Act Now to Lift Burden Off Our Children

by Mike Whalen

Quad-City Times

Yes, the rumors are true. Social Security is going broke.

Each day, 10,000 baby boomers turn 55. Most are enjoying their peak earning power right now and billions of dollars are pouring into the Social Security fund. However, those dollars are flowing into a "pay-as-you-go" system so they're flowing out just as fast as they come in. Nothing is saved.

Ten years from now, those people will move from the "pay in" window to the "pay me now" window. By 2018, Social Security will begin running huge deficits that will soar out of control.

The Social Security Trust Fund doesn't make the problem any easier. The trust fund

doesn't hold cash; the money has all been spent and replaced with government IOUs. And the IOUs must be redeemed before benefits are paid. Between 2018 and 2042 – when the IOUs run out – we taxpayers will have spend about $2.3 trillion to redeem the bonds. Thus, Social Security will cause serious problems for the economy and taxpayers within the next two decades, not 40 or 50 years down the road. That is why we must act sooner rather than later.

There are some who say we can fix the program's $11 trillion debt with modest tax increases or small benefit adjustments. I call this method "tinker, tinker; cut, cut." A little tinker here, a little cut there. Painless, right? But don't be fooled. The program's debts are so large we will have to raise taxes by half, cut benefits for retirees by a third or some combination of the two. Those don't sound like small adjustments to me.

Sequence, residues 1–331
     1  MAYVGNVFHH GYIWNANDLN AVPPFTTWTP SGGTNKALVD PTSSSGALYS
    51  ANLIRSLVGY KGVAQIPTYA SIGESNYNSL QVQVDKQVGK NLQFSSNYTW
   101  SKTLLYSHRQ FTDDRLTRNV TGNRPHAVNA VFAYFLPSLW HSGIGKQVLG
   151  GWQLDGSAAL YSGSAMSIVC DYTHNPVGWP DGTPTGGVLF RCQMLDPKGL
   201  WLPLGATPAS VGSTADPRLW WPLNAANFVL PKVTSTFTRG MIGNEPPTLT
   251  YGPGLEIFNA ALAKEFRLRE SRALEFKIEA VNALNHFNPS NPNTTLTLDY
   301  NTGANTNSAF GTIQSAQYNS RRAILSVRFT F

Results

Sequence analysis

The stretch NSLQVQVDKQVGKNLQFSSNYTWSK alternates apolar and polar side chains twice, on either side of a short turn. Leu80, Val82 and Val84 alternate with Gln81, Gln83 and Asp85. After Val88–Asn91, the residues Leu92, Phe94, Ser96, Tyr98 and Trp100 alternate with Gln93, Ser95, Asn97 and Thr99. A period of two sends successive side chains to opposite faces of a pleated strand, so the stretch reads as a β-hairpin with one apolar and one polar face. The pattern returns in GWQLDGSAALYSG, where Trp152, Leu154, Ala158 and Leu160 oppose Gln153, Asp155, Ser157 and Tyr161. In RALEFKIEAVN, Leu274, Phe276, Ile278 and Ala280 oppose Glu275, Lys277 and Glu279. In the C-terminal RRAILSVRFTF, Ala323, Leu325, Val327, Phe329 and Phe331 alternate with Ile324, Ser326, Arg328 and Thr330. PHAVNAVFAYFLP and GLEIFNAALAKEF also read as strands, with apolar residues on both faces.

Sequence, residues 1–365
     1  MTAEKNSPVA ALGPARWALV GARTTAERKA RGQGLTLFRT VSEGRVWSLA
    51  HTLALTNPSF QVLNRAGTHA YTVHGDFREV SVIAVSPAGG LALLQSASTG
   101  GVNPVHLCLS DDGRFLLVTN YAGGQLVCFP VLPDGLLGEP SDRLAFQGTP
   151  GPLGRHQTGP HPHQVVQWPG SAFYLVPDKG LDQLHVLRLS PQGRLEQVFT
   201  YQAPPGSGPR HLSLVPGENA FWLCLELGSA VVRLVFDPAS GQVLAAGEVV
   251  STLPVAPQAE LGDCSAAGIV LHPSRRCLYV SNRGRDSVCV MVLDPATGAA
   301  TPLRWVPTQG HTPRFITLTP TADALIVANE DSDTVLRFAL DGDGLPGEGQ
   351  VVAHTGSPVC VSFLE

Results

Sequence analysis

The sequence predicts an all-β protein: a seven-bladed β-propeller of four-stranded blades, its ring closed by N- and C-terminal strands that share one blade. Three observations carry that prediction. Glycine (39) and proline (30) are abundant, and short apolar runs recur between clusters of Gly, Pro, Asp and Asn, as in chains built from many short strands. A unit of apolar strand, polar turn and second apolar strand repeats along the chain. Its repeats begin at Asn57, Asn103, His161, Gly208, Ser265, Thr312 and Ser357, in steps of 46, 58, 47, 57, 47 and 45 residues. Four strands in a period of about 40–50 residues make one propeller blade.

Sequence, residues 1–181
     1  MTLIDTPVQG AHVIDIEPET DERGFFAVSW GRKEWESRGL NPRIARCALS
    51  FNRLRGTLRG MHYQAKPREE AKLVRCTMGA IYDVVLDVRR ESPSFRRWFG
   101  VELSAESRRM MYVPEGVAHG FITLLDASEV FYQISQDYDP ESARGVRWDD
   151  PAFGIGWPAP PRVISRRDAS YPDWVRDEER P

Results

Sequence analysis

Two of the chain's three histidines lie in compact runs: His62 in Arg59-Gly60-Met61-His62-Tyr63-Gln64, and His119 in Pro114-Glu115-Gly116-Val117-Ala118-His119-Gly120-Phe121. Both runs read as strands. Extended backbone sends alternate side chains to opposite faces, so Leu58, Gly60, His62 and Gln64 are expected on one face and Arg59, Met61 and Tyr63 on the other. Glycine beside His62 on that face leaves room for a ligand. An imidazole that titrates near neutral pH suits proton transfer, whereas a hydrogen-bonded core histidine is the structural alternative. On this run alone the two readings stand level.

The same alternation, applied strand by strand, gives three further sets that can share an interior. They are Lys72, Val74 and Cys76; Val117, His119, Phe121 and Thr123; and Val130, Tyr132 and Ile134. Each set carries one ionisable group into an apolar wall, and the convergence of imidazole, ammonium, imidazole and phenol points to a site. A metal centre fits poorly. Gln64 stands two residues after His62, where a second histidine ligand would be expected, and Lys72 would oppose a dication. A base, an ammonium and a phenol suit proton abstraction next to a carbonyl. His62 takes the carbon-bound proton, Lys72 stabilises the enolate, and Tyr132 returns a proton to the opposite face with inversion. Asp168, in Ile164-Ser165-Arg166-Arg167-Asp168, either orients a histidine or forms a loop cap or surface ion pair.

Most importantly, these options place the entire burden on the backs of our children and grandchildren, but offer them nothing in return for making huge sacrifices on our behalf.

There is a better option: Let workers keep some of the payroll taxes they already and invest it in a personal retirement account. This would offset some of what the government would otherwise pay them at retirement, reducing the burden on future taxpayers and giving younger workers a benefit they can own and control.

This isn't a risky idea. In fact, there is a perfect model for reform right here in the United States today. More than 3 million federal employees – including members of Congress – invest in a program called the Thrift Savings Plan (TSP), which is essentially a 401(k) plan for federal workers. And they have a great deal. TSP participants choose from among five carefully constructed index funds that follow the American stock and bond markets as a whole. As a result, administrative fees are very low and inexperienced investors are well protected.

While younger workers are shouldering the full burden of keeping Social Security afloat, shouldn't they at least let them have the opportunity to make up their losses with a personal retirement account? Without personal accounts, Social Security reform is all pain and no gain.

Mike Whalen is the president of Heart of America Restaurants & Inns and is the policy chairman of the National Center for Policy Analysis.